Two banned films: “Conscience of the World” (USSR, 1951) and “Silver Dust” (USSR, 1953).

The Conscience of the World. USSR, 1951. Directed by Abram Room. Screenwriter Lev Shenin. Actors: Mikhail Astangov, Lyudmila Skopina, Valentina Ushakova, Arkady Tolbuzin, Nikolai Garin, Mikhail Balduman, Rostislav Platt and others.

Silver Dust. USSR, 1953. Directed by Abram Room. Scriptwriters Alexander Filimonov and August Jacobson (based on A. Jacobson’s play “The Jackals”). Actors: Mikhail Balduman, Sofia Pilyavskaya, Valentina Ushakova, Nikolai Timofeev, Vsevolod Larionov, Vladimir Belokurov, Rostislav Platt, Lydia Smirnova and others.

In post-war times, director Abram Room (1894–1976) became a kind of a record-breaker among directors whose films were banned for screening. At first, it happened to the film “In the Mountains of Yugoslavia” (1946), which was sung by the guerrillas led by Tito: soon after the film was released, it was banned because of the quarrel between the USSR and Yugoslavia.

In the political drama “Conscience of Peace” (1951) Abram Room brought to the forefront of the figure of a certain Danish physicist who does not want the atomic bomb served imperialism, and joined the Communist Party.

Shortly after the beginning (about a third of the planned material was filmed) the shooting of “Conscience of the World” was stopped: there is a version that the Soviet leadership did not want to quarrel with Norway because of the negative image of Nobel laureate Knut Hamsun (1859–1952), who approved of Nazism and Nazi policy in Norway.

Today, the materials of the saved 37 minutes of the film “Conscience of the World” can only be viewed at the Russian State Film Fund…

The premiere of the anti-American film Abraham Room “Silver Dust” was held October 19, 1953, but the film was actually seen by few viewers, soon it was banned from the cinema / TV show for many years …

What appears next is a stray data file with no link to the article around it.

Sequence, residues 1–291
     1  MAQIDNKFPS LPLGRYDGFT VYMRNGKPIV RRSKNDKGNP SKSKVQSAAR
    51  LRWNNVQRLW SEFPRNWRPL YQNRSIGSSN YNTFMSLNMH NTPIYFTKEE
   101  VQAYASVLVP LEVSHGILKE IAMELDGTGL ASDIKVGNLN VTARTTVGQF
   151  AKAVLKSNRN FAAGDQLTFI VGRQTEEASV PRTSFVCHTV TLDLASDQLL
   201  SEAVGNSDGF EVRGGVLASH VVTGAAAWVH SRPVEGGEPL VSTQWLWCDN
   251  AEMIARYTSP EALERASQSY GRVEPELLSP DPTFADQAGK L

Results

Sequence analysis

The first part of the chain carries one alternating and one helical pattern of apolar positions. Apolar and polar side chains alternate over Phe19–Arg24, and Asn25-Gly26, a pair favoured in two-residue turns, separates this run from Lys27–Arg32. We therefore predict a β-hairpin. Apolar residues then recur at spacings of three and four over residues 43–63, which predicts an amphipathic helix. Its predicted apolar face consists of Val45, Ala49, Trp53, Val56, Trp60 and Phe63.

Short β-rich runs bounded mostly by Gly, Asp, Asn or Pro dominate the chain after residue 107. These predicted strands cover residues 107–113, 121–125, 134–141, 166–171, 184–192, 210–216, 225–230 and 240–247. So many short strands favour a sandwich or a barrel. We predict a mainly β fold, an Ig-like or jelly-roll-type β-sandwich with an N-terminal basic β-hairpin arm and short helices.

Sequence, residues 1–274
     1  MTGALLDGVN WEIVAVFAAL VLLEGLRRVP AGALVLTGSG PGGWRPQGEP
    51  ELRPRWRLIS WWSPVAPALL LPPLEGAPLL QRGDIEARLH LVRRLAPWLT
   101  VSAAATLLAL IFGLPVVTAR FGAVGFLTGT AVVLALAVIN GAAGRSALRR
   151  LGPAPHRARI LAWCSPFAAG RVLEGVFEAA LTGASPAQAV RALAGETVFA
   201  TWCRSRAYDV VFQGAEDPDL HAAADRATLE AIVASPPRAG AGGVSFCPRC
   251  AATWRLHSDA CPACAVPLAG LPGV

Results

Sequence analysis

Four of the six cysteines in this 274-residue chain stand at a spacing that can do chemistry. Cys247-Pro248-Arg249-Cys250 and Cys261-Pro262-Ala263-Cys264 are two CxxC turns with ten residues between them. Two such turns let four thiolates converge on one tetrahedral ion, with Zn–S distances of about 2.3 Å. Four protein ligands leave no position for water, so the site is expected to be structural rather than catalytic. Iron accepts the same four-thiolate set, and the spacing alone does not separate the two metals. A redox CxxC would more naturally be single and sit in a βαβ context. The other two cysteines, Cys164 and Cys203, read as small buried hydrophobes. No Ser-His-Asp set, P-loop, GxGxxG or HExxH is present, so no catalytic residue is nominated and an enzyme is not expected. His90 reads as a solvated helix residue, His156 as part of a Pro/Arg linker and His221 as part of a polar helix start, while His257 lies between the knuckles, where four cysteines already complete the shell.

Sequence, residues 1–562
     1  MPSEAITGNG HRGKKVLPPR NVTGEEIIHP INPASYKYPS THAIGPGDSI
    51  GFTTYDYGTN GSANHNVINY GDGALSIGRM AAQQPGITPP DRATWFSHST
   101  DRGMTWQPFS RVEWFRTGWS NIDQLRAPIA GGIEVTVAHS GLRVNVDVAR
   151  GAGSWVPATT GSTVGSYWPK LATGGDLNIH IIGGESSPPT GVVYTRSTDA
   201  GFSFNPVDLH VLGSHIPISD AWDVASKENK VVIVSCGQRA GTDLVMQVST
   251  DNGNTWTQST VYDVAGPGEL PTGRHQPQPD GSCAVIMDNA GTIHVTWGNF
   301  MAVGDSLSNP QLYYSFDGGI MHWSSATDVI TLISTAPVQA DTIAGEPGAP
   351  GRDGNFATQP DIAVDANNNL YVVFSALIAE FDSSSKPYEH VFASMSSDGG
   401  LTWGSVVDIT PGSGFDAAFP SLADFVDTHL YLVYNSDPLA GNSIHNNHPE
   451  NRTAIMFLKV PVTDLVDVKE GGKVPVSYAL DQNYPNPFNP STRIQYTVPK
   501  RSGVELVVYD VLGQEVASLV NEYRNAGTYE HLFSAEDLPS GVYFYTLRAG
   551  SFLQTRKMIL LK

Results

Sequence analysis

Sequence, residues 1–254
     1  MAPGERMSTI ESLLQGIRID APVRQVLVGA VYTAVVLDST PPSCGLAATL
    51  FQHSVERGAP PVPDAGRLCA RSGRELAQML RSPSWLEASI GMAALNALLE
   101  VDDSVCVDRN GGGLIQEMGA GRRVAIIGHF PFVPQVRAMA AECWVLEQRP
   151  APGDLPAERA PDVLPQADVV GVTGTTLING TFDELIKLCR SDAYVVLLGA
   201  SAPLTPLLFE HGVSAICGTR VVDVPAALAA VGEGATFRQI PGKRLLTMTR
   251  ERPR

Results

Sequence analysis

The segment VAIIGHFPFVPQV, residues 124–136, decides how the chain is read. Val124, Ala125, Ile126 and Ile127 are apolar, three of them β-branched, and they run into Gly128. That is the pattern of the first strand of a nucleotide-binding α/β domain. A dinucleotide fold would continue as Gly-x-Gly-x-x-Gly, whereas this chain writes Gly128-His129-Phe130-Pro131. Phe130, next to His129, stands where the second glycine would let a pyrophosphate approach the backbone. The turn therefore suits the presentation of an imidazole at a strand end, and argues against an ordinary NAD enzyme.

“Silver Dust” is made in the genre of political fiction: some American scientist invents radioactive dust that militarists want…

Of course, today’s look in this movie inevitably catches the eye of all sorts of “gaffe” images of the bourgeois world and its morals, but “but the film is still fascinating, the spence has not faded. The fact that Room defeated the archetype “Dr. Frankenstein,” a victim of the researcher’s own immoral excitement. Well, about the Maccartist America, the Americans themselves told and filmed something that Room seems almost “lacquer” real creep” (Trofimenkov, 2014). Trofimenkov M. Temptation of Surrealism // Kommersant Weekend. № 7. 28.02.2014, p. 36.

As a result, having received a ban on his three films in a row by the mid-1950s, Abram Room decided not to tempt fate anymore and never returned to international politics in his works. And in the 1960s and 1970s, he generally moved away from contemporary themes, turning to screen versions of Russian classical literature.

Alexander Fedorov, 2020

Film Critic and Film Historian